The Staggered Spondaic Word Test Performance of Children With Attention-Deficit Hyperactivity Disorder Research Article
Research Article  |   July 01, 1996
The Staggered Spondaic Word Test
Author Affiliations & Notes
  • Cynthia A. Riccio, PhD
    Professional Studies, The University of Alabama, Box 870231, Tuscaloosa, AL 35487-0231.
  • George W. Hynd
    The University of Georgia, Athens
  • Morris J. Cohen
    Medical College of Georgia, Augusta
  • Lawrence Molt
    Auburn University, Auburn, AL
  • Corresponding author: e-mail:
Article Information
Attention, Memory & Executive Functions / Research Article
Research Article   |   July 01, 1996
The Staggered Spondaic Word Test
American Journal of Audiology, July 1996, Vol. 5, 55-62. doi:10.1044/1059-0889.0502.55
History: Received April 24, 1995 , Accepted October 12, 1995
American Journal of Audiology, July 1996, Vol. 5, 55-62. doi:10.1044/1059-0889.0502.55
History: Received April 24, 1995; Accepted October 12, 1995

Various auditory and language tasks are considered to reflect children's auditory processing abilities. It has been suggested that these measures may be assessing language, rather than auditory, processing. In addition, recent studies have suggested that tasks used in the assessment of auditory processing may, in fact, be assessing attention. Of the auditory paradigms, the most frequently used measure is the Staggered Spondaic Word test (SSW; Katz, 1962). This study investigated the correlation of impaired SSW performance with other auditory measures, cognitive ability, language functioning, and behavioral ratings specific to inattention, impulsivity, and hyperactivity in a group of 38 children who demonstrated impairment on the SSW. Results indicate that the SSW correlates most with measures of cognitive ability, expressive language, and those relating to auditory memory. As children with attention-deficit hyperactivity disorder (ADHD) have been found to demonstrate impaired performance on the SSW, the likelihood that children with ADHD would demonstrate impairment bilaterally as opposed to a single-ear effect was also investigated. Results did not support a consistent pattern of impaired SSW performance for children with ADHD, suggesting that CAPD and ADHD are, in fact, not the same entity.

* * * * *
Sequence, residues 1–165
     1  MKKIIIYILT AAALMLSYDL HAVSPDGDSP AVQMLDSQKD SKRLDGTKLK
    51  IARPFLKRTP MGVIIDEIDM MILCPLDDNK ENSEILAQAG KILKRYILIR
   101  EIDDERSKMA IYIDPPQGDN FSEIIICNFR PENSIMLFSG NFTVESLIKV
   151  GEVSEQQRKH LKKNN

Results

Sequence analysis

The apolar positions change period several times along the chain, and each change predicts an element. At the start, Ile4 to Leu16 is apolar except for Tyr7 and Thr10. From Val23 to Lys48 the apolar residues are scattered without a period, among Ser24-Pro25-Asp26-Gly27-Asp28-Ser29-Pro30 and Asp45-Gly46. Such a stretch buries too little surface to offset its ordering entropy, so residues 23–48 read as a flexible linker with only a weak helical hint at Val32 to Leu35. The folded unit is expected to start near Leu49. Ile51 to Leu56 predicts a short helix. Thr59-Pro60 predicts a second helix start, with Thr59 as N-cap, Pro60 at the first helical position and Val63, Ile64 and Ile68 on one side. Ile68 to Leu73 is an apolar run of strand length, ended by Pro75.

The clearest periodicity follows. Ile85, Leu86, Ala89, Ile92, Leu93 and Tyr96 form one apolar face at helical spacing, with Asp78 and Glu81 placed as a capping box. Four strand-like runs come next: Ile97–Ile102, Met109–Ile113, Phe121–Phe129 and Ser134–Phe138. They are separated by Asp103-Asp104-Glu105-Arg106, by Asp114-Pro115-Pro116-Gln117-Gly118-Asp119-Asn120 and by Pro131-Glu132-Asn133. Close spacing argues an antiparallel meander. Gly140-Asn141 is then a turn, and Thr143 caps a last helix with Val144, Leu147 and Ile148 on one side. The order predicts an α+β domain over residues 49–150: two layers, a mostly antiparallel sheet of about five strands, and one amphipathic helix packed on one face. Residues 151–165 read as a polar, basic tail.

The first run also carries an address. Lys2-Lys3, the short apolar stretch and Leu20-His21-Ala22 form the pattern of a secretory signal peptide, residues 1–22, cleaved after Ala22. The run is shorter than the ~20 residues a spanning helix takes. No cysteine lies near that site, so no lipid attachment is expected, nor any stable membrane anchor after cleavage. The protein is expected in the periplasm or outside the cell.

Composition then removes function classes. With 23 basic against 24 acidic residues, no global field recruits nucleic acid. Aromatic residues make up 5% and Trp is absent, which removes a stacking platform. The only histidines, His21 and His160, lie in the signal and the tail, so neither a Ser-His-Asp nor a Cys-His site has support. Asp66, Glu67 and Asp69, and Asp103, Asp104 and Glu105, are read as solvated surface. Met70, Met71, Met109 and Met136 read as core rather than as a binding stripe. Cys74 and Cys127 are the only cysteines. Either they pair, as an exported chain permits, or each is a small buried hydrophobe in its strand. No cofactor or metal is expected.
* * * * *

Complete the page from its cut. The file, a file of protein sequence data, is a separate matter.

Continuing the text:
Acknowledgment and appreciation is extended to Robert Nozza, Communication Sciences and Disorders, University of Georgia, Athens, GA, and to Jack Katz, Communication Disorders and Sciences, SUNY–Buffalo, for their assistance, review, and suggestions.
This research was conducted in conjunction with the first author’s (CR) dissertation at The University of Georgia.
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